‘It seems like a lifetime since we were out’
Letterkenny GC will not be policing the 5km travel rule when members return to play
Barry Ramsay, hon sec Letterkenny Golf Club, inspects the course. Photograph: Joe Dunne
Hugging the shores of Lough Swilly, the golf course at Barnhill, Co Donegal is spread over 146 acres on the outskirts of Letterkenny. For weeks it has been silent, closed like all others in the Republic.
On Monday, however, the Letterkenny Golf Club’s time-sheet is filled to capacity as the club reopens after closing in accordance with the Government’s Covid-19 measures. For most of its 600 members the sound of a ball rolling into a cup cannot come too soon.
Members are “chomping at the bit” to get back, says honorary secretary Barry Ramsay, especially following weeks of fine weather: “It’s no different to other golf clubs, members simply can’t wait to get out playing.
“For many, including myself, it seems like a lifetime since we were out,” says Ramsay, though the club took the opportunity to sort out some drainage issues and repair bridges on the course.
The club has had its own moments during the close-down, notably on April 24th when local gardaí were called after a passerby thought they had spotted people out on the course playing a few holes.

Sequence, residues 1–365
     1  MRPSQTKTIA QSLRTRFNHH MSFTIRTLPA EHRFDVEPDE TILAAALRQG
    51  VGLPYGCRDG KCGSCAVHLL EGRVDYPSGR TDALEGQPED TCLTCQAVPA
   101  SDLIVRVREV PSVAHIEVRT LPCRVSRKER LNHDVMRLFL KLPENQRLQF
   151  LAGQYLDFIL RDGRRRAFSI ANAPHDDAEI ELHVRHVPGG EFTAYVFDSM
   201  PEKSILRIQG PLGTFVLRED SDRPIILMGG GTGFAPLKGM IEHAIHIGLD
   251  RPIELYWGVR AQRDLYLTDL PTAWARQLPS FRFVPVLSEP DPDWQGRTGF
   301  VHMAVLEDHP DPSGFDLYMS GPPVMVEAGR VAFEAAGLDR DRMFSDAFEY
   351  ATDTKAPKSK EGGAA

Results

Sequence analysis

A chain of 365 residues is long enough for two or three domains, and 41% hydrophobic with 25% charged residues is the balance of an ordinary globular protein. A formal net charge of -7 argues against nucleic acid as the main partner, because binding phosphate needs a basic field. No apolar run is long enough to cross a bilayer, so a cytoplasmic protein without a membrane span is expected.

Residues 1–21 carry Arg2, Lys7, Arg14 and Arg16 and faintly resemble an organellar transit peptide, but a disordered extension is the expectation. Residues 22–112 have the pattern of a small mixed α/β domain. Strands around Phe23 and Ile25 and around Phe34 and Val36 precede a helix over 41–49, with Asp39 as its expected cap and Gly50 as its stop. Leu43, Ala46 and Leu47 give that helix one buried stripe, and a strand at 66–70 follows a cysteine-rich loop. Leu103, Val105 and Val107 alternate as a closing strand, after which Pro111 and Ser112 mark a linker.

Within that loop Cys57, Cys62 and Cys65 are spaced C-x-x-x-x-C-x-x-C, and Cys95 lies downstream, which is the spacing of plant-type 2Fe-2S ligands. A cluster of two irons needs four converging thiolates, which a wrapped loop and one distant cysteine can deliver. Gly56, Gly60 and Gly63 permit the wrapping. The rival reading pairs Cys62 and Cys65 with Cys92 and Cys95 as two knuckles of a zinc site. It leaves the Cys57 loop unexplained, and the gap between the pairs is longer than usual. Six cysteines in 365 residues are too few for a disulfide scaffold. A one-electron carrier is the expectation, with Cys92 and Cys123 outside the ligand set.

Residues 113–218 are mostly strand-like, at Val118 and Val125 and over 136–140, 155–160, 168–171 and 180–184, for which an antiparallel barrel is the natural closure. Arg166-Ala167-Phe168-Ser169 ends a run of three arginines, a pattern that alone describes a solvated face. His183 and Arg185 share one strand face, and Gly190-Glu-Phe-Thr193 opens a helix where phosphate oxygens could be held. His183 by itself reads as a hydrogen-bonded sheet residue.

However, it quickly became apparent that club members had, instead, been out filling in divots with sand and seed, and they were given a green light to carry on once explanations were given. Ramsay hopes it will be the last engagement the club has with the law. The majority of members live in Letterkenny, with few living in Northern Ireland, though the course is popular with northern golf societies, Ramsay tells The Irish Times.
However, it is, he points out, not the club’s responsibility to administer the 5km travel rule that stays in place as part of the Covid-19 measures, despite the partial relaxation that occurs on Monday in the first of five phases as planned by the Government.
“In the same way as shops don’t ask people how far they have travelled, we will not be asking members where they have travelled from,” he says.
Covid-19 has caused financial troubles for all golf clubs, though Letterkenny has been one of the lucky ones at a time when some clubs are talking of closing their doors for good.
Nearly 450 of the 600 members have continued to pay membership fees during the closure: “We completely understand that many people have lost their jobs and money is tight. Hopefully, that will just be a temporary thing.”
Under the watchful eye of both captains, Ed Margey and Celine Markey, the club has strict rules in place for the re-opening. Eight volunteer marshalls will enforce social distancing rules out on course during play.
“We are just delighted that we are able to reopen and we want to ensure that we stay open and that is why we are taking things so seriously,” says Ramsay, “The guidelines are there and we are following them as closely as we can.”